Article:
Compute Studio 1.0


Features overview:

Compute Studio 1.0 transforms simulations into documents that you can title, annotate, and share. Simulation creators now have the ability to provide the necessary context to their simulations that is needed to make them shareable products. Like documents, simulation configurations can change over time and be modified by multiple authors, and the new history feature will make it easy to look back and see what has changed and who made those changes. Finally, simulations can be made public or private, giving their creators the power to choose when they are ready to share their simulation with the public. During this process, we streamlined the sign in and sign up flow by further integrating it into the simulation page, and we slimmed down our outputs page. The Compute Studio team is beyond excited to add these features and to continue to build on top of them.

If you have any questions or feedback about this release or C/S in general, please don't hesitate to send me an email or open an issue in the C/S code repository.

Thanks to Matt Jensen for designing the new simulation page. Also, thanks to Peter Metz for giving feedback on this set of features at every step along the way, including the morning after they were shipped. Finally, thanks to the C/S publishers for updating their models to the new outputs API.

Engineering process:

In order to build the simulation document, we needed to transform our server-rendered frontend into a cutting edge client-side application that could quickly respond to users and manage user and simulation state. The first problem was that the C/S inputs and outputs pages are really heavy, with the Tax-Brain inputs page rendering over 400 input fields and the outputs page rendering dozens of detailed HTML tables and several interactive plots. Last July, I re-wrote the inputs form in JavaScript, using the React UI framework and the Formik form library. This resulted in an inputs page that loaded quickly, responded immediately to input, and easily handled asynchronous validation with the models in the compute cluster. This new inputs page went live in C/S 0.12.0.

Next up, we combined the outputs and inputs pages, and in the process, we made the outputs render just as quickly as the inputs page by pre-rendering the results, taking screen-shots of them, and rendering those screen-shots instantly while the outputs loaded asynchronously. The results are rendered in a headless chromium browser using Pyppeteer, a Python port of Puppeteer, to render each result and take a screen shot of the HTML node that the result is encompassed in. This approach was simple and worked surprisingly well, delivering tight screen-shots without much unused white space surrounding them. The hardest part of this step was that all of the existing interactive Bokeh plots on Compute Studio were in the wrong format. We'd stored them in an HTML format that was incompatible with the JSON format required by Bokeh's JavaScript API. However, thanks in large part to Bryan on the Bokeh team, I developed a series of regular expressions to convert our existing HTML data into the JSON format that we needed, and it somehow worked flawlessly:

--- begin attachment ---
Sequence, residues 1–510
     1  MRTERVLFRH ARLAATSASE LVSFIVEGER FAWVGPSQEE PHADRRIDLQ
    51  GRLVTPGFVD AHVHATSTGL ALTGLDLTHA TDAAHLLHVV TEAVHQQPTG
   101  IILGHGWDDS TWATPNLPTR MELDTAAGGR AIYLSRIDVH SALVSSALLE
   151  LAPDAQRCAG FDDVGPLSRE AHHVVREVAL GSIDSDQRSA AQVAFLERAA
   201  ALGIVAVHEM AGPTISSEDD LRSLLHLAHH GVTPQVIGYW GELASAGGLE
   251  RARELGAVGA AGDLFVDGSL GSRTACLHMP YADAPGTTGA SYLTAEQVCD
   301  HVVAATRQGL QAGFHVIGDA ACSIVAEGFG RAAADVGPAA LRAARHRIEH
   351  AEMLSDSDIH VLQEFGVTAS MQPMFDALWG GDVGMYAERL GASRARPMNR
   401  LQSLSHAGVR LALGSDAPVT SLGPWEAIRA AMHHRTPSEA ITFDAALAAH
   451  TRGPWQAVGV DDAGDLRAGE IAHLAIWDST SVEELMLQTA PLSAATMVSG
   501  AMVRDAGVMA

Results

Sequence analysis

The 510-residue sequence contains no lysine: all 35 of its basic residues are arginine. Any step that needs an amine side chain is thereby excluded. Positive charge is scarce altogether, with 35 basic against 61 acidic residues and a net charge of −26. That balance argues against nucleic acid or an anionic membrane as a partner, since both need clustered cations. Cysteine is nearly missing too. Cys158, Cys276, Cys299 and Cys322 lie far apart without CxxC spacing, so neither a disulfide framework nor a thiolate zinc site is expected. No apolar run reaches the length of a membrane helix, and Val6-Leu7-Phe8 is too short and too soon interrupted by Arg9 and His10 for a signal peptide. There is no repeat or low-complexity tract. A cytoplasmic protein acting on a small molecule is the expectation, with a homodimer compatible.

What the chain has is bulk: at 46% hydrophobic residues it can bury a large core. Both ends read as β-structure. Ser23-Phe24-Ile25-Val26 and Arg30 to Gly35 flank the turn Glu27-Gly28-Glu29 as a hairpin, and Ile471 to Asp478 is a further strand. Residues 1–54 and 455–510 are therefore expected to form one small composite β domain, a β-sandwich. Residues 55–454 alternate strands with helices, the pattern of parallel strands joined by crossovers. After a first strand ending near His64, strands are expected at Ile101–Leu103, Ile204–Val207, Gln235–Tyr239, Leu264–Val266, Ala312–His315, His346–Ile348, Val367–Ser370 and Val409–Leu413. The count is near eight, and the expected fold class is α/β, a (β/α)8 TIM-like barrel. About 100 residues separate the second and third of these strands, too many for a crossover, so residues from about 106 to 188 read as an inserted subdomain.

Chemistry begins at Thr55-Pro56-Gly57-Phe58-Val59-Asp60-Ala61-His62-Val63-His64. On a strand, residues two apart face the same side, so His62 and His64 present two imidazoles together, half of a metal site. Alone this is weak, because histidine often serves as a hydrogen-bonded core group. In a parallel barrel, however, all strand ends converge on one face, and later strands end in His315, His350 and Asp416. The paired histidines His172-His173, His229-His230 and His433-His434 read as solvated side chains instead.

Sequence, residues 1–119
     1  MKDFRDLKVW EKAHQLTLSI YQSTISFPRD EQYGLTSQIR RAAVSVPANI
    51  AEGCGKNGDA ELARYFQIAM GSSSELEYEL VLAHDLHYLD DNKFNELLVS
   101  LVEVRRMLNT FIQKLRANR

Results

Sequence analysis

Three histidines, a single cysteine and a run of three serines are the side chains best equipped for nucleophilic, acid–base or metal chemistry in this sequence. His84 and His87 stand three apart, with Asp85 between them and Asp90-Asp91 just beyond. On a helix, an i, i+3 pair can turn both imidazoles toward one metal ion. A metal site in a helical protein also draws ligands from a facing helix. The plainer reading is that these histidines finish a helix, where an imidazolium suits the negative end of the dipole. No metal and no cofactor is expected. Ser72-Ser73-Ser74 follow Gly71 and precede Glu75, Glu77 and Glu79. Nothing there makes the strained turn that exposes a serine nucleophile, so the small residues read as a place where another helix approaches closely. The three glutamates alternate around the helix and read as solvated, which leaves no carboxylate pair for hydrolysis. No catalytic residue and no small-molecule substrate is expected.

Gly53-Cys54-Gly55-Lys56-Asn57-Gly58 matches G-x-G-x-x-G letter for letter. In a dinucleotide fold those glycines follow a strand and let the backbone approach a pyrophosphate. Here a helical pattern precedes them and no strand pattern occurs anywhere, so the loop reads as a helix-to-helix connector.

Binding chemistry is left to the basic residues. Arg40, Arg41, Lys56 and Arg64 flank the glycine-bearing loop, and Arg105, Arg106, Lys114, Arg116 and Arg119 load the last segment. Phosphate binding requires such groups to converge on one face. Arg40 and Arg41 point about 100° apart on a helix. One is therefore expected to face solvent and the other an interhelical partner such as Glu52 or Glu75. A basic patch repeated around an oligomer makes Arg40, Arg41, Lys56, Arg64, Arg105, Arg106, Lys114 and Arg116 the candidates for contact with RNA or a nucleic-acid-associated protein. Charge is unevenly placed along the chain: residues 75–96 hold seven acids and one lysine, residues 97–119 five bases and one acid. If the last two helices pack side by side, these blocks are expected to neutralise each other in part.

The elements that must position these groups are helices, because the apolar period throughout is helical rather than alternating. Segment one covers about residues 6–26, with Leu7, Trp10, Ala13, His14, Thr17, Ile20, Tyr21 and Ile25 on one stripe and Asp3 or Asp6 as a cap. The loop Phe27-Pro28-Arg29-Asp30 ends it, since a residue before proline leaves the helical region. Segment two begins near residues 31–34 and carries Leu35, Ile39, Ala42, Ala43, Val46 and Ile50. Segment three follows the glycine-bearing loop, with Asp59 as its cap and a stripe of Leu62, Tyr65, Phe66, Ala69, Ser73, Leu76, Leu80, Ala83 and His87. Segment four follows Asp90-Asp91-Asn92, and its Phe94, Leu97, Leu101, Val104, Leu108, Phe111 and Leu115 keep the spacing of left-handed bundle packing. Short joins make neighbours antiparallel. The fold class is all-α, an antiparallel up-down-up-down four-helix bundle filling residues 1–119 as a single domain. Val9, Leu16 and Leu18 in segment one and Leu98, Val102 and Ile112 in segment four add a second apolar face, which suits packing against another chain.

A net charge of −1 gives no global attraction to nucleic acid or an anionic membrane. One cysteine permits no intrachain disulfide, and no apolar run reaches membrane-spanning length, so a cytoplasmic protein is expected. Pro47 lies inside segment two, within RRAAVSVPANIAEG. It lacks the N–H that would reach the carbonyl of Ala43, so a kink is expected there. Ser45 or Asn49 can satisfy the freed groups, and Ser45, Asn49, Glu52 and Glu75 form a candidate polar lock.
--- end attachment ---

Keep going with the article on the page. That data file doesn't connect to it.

# don't try this at home
exp = r'{"roots":.+"version":"[0-9].[0-9].[0-9]"}'
res =, output["data"]["javascript"])
unescaped = (
    .replace(">", ">")
    .replace("<", "<")
    .replace("&gt;", ">")
    .replace("&lt;", "<")
    .replace("\\n", "\n")
    .replace('\\"', '\"')
parsed = json.loads(unescaped)
root_id = parsed["roots"]["root_ids"][0]
output["data"] = {"target_id": None, "root_id": root_id, "doc": parsed}

The final step was to turn our single page simulation into a simulation document by adding a title and an editor to write the description. We chose the Slate editor framework so that we could have the ability to customize our editor to our needs such as potentially linking the editor to comments on parameter sections. I adapted the Rich Text and Link examples in their documentation to our needs, and now we have an easy-to-use editor. I initially looked into using a Markdown editor with a preview button but this wasn't a good fit for our use case since our users aren't likely to be familiar with Markdown and would be more familiar with a WYSIWYG experience from their editor.

This release streamlines Compute Studio's authentication so that users can sign up at any point in the process of viewing or creating a simulation without losing any of their data on the page. C/S 0.14.0 added a sign-in/sign-up window to the run simulation dialog; however, we needed a solution for users who would want to write a title or some notes for their simulation before they clicked "Run". The solution was to use React Portal to hook onto the existing "Sign in" / "Sign up" buttons and replace them with their React twins allowing the user to sign in or sign up through a dialog window. On completion, the application state is updated and either a new simulation object is created for them in the C/S database or they get write access to the simulation they are viewing if they are owners of it or the ability to "fork" it if they are not.

Compute Studio 1.0 is such a massive release that all of the new features can't be covered in a single blog post. I could go on for thousands and thousands of words about converting Compute Studio to TypeScript, a statically typed superset of JavaScript, which has vastly improved the frontend developer experience for Compute Studio and made it easy and fast to refactor the code for this release several times.